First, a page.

What is DNA?
Deoxyribonucleic Acid DNA is a nucleic acid polymer consisting of two long backbones, with nitrogenous bases connecting them (imagine a ladder). This structure is then twisted into a double helix.
The two back bones are composed of a pentose sugar (namely deoxyribose) with the nitrogenous bases facing inwards and connected to each other via hydrogen bonding. The sugars are in turn connected together by phosphate groups with phosphodiester bonds.
The function of DNA is long-term information storage. A brief synopsis is that DNA is used as a template to make mRNA (transcription) which directs the assembly of a protein in a ribosome (translation).
DNA must be replicated during cell reproduction, as each daughter cell resulting in mitosis will require a full genome. DNA replication is a nearly exact process, with error rates less than one-in-a-billion. This is due to the nitrogenous bases, which is where the information is stored. Four bases exist in DNA: adenine, guanine, cytosine and thymine (A,T,C and G). Remember the two legs of a ladder running anti-parallel to each other, with bases facing inwards. Each base is connected to the one across from it via relatively weak hydrogen bonding. This bonding however, allows the DNA to be replicated with remarkable exactness as A can only bond with T and C can only bond with G. As such, when DNA Polymerase enzymes polymerize a new strand of DNA, they "know" which order to put the bases in, thus conserving information. This is known as the "semi-conservative" model of DNA Replication.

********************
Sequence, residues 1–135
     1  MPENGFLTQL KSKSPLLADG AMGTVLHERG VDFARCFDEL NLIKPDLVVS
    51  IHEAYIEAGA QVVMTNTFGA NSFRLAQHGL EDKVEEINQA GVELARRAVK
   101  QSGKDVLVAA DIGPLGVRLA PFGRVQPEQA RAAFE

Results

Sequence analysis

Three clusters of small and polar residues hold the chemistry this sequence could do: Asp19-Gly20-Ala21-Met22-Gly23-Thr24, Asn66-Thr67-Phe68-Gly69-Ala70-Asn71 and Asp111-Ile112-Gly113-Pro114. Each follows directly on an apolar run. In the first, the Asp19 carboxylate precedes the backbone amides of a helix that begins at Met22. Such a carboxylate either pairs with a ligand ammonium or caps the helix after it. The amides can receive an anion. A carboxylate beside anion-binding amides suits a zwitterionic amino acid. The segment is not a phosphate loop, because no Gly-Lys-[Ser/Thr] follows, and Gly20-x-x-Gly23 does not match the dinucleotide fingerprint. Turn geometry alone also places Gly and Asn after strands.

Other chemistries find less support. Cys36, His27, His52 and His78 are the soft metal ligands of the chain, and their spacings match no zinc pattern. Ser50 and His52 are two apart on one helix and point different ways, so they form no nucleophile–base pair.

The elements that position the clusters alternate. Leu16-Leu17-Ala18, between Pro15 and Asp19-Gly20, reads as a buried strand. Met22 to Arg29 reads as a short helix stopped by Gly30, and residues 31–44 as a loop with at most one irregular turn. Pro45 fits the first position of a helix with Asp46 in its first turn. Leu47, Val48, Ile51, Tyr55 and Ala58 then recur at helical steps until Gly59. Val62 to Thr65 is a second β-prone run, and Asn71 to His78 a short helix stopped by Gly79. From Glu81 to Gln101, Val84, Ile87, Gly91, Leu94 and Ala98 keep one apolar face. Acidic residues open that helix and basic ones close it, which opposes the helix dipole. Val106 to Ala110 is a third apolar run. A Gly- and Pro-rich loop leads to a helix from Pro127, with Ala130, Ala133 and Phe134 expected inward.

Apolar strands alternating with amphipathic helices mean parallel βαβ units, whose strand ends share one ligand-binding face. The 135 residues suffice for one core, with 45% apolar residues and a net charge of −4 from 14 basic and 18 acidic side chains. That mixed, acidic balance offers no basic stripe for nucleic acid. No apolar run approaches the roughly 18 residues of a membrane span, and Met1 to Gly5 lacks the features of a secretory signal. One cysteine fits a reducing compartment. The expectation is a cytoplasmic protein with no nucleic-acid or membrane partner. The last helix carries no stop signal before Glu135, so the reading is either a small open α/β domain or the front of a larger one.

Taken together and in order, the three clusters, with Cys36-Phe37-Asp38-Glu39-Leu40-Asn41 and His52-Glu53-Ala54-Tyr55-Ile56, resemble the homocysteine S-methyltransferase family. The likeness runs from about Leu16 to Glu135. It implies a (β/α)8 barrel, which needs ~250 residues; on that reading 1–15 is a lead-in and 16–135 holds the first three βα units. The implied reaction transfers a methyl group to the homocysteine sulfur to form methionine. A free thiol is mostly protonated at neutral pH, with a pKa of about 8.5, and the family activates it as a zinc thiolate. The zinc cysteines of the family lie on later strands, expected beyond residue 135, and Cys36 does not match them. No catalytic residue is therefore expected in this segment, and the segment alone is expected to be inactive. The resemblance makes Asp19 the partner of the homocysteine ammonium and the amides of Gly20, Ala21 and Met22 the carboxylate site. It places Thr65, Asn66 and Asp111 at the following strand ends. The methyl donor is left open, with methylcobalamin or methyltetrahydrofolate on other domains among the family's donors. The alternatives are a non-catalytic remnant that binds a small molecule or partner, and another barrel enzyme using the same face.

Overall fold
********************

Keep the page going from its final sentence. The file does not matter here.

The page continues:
The official definition of the word DNA is "deoxyribonucleic acid, a self-replicating material present in nearly all living organisms as the main constituent of chromosomes. It is the carrier of genetic information."